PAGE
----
In this week’s Ask Nathan:
- Will there be a 2024 Ford Bronco EV?
- Hybrid vs. EV?
- Your (TFL’s) lackluster approach to car content.
The first question comes from a Ford fan who thinks we’ll see a 2024 Ford Bronco EV.
Q: TFL guys!!!
Did you see the new Ford F-150 EV!? I think it will trounce the competition before half of them even begin selling! IT WILL KILL TESLA AND RIVIAN AND GM! No doubt Ford will be king.
I think that the next thing they will do is build a 2024 Ford Bronco EV. Why do I think it will be a 2024? Well that’s because it will take a few years for the Ford F-150 EV to sell before demand increases. Do you know what I mean? THE 2024 FORD BRONCO EV WILL CRUSH THE GMC HUMMER EV!!!!
Remember my name, I’,m Mike K from Brooklyn and I predicted this before I even finished middle school! If this comes true, I will be in college by 2024 and I want to intern at TFL.
I LOVE THE MILLIONS OF FUN VIDEOS TFL DOES!!!
A: Hi Mike!
That’s a great email. Thanks for sending it!
Your idea has merit, if you look at the way Ford is packaging the 2022 Ford F-150 EV, it looks like that platform could be used by another vehicle. If you look closely at the graphic provided by Ford, you can see this upcoming EV is based on a truck frame.
Click (here) for the story about the 2022 Ford F-150 EV.
The question should be: will there be enough consumer demand to build a Ford Bronco EV? Keep in mind, Ford is building the Ford Mustang Mach E which is an all-electric crossover. That vehicle will cater to consumers who are looking for an alternative to the Tesla Model Y.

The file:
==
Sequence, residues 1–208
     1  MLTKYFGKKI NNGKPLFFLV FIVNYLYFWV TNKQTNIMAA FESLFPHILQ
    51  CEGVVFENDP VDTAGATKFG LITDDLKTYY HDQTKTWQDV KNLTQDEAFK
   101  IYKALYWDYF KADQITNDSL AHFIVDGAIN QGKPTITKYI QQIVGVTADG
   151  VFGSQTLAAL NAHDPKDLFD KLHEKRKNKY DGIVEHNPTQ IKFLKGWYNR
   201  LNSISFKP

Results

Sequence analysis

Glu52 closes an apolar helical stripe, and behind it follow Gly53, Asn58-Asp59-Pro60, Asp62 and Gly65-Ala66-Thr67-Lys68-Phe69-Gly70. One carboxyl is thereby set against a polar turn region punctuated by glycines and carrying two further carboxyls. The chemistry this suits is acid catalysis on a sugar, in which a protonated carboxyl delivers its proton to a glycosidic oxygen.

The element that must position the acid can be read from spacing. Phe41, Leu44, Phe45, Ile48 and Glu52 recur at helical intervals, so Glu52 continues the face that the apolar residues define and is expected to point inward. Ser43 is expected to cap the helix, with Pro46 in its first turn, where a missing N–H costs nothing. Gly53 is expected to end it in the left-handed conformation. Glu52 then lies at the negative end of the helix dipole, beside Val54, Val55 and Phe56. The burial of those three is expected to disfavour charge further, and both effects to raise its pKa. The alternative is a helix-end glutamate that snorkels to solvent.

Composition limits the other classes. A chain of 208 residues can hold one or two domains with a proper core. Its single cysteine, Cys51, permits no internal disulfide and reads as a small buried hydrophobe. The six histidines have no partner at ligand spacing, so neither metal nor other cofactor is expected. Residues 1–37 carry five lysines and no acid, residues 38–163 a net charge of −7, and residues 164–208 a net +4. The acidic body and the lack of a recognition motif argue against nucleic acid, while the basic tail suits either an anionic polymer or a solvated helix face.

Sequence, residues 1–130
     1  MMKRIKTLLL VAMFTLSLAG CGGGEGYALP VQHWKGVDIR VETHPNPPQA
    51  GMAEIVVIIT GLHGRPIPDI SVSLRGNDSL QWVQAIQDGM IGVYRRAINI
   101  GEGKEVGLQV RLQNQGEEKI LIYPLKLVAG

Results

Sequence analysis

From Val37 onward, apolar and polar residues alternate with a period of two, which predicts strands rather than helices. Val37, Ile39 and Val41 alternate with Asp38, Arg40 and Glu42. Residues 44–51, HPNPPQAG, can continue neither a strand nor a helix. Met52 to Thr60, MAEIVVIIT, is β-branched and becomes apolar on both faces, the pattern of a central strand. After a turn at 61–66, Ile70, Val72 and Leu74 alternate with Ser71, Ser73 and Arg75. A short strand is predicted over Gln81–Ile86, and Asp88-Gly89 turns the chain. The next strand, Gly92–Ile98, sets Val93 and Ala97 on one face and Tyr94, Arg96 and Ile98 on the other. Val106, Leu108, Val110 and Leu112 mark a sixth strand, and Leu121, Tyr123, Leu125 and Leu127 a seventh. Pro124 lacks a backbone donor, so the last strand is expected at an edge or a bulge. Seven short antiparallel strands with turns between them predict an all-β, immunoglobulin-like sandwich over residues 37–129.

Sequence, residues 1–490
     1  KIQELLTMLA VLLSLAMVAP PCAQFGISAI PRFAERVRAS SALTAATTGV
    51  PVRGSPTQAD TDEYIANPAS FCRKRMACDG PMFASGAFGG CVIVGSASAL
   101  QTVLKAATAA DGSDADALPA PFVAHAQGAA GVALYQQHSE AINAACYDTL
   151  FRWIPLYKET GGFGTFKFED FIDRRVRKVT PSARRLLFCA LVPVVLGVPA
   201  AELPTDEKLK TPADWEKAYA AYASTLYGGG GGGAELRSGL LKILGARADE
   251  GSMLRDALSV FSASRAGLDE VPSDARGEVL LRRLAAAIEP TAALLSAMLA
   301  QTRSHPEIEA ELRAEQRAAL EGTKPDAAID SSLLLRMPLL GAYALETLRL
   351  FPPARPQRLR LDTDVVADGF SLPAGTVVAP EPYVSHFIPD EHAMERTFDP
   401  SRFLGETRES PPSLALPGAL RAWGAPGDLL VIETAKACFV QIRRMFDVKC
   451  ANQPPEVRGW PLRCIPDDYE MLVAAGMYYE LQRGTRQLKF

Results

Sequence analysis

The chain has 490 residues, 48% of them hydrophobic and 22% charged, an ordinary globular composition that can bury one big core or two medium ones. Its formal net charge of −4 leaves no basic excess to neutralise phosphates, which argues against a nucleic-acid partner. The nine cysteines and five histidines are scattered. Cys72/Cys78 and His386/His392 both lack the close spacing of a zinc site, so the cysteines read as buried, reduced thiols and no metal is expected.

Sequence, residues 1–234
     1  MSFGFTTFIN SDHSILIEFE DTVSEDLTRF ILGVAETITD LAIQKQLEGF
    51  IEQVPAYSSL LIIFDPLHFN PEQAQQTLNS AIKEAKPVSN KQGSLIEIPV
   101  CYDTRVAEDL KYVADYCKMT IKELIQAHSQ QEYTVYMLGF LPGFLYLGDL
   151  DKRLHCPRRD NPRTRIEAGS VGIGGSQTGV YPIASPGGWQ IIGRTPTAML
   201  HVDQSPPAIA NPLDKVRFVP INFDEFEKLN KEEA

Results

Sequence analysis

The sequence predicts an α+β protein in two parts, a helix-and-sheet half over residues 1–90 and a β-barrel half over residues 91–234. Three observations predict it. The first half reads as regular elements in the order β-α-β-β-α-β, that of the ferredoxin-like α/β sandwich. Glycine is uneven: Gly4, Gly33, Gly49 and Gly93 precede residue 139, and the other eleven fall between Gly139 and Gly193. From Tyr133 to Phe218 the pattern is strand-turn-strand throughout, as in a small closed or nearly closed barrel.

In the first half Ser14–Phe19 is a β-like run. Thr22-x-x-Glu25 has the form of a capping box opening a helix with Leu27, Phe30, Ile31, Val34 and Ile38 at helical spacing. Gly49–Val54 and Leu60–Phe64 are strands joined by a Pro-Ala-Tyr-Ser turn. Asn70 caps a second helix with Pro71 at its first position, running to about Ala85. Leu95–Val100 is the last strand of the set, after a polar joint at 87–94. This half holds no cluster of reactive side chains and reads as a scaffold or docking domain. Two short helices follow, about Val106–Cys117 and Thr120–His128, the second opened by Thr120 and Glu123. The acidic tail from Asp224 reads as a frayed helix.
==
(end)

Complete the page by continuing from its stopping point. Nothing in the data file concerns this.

Will consumers be willing to bang around off-road in an electric-only vehicle? I think it will take a long time to convince hard-core off-road enthusiasts that EVs are viable alternatives. We may know more after a few more EV off-road vehicles hit the market.
You’re totally right about Ford having the tools, talent and ability to build something like a Ford Bronco EV. I think they will move a little bit slower on that front.
Still, we may see a hybrid or PHEV Bronco first.
It will be interesting to see how the Ford F-150 EV does. That may be the biggest indicator if smaller trucks, like the Bronco and Ranger, can make it with EV options.
Speaking of EVs; this reader is comparing a used EV to a used hybrid and she’s seeking help.
Q: Via Twitter (@NathanAdlen) Can Ask Nathan help me choose between an electric vehicle and a plug in hybrid?
Choosing between a 2018 Chevy Bolt and Chevy Volt. Pros and cons?
A: Hi Valerie!
Both are great commuter vehicles, some of the best in class – back in 2018.
Obviously, they are very different vehicles. The Chevrolet Volt is a much more complex vehicle, using both EV and internal combustion power for day-to-day driving. It gives you a great alternative if you need that extra confidence needed with a gasoline-powered backup. There is no range anxiety.
Unfortunately, the Chevy Volt is an extremely complex machine with a lot of moving parts. It costs as much, if not more than a regular car to maintain. Two power-trains and lots of electronics require a bit of professional attention.
The Chevrolet Bolt EV is brilliant, but it is limited in two ways: it’s just an EV and it’s pretty small. Even after a few years, you should have plenty of range to make most commutes a breeze. New, they achieved over 230 miles range. With a few years battery degradation, most should still have well over 200 miles range.